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The Purpose of a Desert

            The Purpose of a Desert

“If we had no winter, the spring would not be so pleasant; if we did not sometimes taste of adversity, prosperity would not be so welcome.”

Anne Bradstreet

A few years ago, we noticed a drop in the number of patients John saw. This resulted in a need to make changes to our daily budget due to a salary decrease. My reaction to this desert experience, surprised me. I had presumed the latter years of our lives would become easier, not harder. The ugly pride in my heart cried, “We’ve paid our dues and worked hard. Our concluding years ought to have less stress, not more.” The victim mentality in me whined, complained, and pouted, it’s not fair. I looked more like the Israelites in the desert, than I did of a daughter trusting her heavenly Daddy to take care of her.

Deuteronomy 8:2 explains why God led the Israelites into the desert. “Remember how the Lord your God led you all the way in the desert these forty years, to humble you and to test you in order to know what was in your heart, whether or not you would keep His commands.” Deserts humble us and show us what is in our hearts. I am not proud to admit, what I saw, was not a pretty picture. Wilderness experiences also expose our willingness to obey God.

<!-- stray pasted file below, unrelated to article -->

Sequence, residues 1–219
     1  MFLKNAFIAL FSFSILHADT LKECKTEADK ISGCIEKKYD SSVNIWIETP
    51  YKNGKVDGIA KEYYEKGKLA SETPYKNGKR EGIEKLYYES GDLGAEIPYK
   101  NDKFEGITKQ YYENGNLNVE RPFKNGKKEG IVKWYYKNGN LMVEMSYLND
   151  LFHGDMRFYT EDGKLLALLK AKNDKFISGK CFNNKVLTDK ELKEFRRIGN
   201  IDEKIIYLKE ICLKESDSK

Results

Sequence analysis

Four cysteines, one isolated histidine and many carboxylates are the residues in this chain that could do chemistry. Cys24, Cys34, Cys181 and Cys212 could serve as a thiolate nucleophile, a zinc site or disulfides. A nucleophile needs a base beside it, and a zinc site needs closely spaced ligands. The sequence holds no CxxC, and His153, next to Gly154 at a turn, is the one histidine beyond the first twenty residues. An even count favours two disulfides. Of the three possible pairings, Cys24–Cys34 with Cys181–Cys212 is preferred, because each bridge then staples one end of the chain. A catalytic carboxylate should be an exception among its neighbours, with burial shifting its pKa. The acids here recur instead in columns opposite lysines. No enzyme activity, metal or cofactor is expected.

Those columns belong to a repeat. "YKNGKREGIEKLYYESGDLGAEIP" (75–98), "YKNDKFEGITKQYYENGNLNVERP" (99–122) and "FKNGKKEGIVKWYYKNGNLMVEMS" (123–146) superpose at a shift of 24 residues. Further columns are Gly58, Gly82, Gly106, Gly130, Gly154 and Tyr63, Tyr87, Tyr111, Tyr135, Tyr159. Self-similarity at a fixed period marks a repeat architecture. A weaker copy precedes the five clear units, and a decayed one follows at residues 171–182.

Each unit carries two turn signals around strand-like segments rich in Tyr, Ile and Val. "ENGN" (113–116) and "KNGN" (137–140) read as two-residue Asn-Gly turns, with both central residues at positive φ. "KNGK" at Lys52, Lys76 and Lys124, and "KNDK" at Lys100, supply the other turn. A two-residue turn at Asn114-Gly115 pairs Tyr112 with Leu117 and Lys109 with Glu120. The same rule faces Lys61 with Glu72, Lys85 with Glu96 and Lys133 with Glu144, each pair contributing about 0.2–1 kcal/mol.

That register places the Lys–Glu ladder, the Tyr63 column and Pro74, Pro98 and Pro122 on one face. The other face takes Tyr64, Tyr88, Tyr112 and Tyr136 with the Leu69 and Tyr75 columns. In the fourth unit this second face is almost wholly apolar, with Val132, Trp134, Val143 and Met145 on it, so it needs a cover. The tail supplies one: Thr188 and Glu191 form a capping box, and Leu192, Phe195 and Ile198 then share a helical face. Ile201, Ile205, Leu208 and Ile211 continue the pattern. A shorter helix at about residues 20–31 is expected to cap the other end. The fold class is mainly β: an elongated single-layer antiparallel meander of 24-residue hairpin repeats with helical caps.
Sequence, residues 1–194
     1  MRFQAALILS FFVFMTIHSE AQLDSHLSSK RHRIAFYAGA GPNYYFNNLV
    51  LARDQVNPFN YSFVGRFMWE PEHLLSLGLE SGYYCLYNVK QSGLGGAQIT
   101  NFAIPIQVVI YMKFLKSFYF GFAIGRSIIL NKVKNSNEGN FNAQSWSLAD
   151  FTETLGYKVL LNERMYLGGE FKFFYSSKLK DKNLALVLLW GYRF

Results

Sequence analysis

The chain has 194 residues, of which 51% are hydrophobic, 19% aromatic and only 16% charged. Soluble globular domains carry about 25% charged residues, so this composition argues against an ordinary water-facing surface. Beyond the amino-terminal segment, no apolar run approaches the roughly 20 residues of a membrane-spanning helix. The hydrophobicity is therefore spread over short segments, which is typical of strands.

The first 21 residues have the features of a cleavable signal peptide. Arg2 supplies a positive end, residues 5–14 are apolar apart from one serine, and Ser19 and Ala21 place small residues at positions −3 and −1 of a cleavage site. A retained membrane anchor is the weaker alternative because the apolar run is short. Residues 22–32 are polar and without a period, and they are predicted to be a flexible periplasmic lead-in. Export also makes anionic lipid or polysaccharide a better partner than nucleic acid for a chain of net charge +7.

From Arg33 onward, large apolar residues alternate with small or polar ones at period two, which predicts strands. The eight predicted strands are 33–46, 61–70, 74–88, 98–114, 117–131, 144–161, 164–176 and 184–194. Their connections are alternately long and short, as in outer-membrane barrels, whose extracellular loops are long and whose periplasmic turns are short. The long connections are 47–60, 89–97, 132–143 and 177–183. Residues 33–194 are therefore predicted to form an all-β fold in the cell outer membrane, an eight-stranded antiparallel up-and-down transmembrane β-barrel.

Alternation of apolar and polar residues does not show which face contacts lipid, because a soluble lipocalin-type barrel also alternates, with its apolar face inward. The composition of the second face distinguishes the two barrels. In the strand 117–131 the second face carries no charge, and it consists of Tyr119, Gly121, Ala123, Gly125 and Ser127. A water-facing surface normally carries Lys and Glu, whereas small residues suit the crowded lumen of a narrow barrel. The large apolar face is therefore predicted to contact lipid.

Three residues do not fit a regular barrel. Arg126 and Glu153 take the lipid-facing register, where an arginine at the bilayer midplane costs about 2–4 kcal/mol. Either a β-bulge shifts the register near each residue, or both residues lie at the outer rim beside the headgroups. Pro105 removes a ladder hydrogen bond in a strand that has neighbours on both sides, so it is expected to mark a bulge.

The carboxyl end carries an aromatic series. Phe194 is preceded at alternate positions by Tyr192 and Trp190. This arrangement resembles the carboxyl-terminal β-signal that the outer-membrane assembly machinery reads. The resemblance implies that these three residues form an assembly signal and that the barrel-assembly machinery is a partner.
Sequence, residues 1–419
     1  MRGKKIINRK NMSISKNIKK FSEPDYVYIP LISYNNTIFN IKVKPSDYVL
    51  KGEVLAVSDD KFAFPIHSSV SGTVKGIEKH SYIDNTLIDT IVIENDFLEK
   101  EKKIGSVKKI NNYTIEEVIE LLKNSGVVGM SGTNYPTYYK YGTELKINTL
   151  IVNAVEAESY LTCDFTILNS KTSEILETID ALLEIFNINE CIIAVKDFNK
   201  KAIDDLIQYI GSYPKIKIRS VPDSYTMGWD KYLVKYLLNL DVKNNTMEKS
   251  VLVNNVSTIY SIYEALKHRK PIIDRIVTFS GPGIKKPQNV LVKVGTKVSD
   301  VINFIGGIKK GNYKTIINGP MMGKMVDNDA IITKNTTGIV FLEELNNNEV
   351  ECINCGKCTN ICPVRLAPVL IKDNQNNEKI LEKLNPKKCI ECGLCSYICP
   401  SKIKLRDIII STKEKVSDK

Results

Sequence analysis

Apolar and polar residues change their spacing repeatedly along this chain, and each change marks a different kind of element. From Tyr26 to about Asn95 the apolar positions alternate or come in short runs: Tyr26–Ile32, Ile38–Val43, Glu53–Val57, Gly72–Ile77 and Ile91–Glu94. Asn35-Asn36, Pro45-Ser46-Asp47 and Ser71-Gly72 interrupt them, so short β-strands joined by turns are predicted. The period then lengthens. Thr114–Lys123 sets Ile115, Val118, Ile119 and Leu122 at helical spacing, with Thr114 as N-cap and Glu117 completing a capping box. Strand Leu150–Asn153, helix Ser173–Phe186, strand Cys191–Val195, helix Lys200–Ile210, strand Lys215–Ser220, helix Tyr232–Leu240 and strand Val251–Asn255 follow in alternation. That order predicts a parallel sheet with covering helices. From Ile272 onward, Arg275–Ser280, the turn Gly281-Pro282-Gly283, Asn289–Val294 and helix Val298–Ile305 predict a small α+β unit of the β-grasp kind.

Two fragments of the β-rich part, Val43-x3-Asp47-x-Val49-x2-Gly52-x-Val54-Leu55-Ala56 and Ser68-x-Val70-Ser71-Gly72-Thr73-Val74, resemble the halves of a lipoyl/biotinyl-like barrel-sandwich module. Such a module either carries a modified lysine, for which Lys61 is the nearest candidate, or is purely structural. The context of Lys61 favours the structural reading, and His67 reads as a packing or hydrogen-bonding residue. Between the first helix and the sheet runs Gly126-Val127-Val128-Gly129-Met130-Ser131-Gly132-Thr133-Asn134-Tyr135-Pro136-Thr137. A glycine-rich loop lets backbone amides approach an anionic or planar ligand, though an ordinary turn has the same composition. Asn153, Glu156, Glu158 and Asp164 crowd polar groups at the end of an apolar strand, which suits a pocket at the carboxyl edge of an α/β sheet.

I can’t tell you that after I adjusted my attitude, things turned around for the better for John at work. In fact, it got worse. God used the drying up of John’s business, to guide us in our move to Wichita.

This year has been characterized by grief. I’ve wept numerous times over the upcoming loss of our family, friends, and church we leave behind, as we obey God’s hand of direction. This desert has humbled me, but I’m grateful my heart is in a much better place, one of deepened trust with my Father.

I’ve grown to appreciate this desert experience. God used it to show me the ugliness of my heart, to instill humility, and to encourage obedience toward Him. It’s made me a better, not bitter, daughter of the King.

“In this life we will encounter hurts and trials that we will not be able to change; we are just going to have to allow them to change us.”

Ron Lee Davis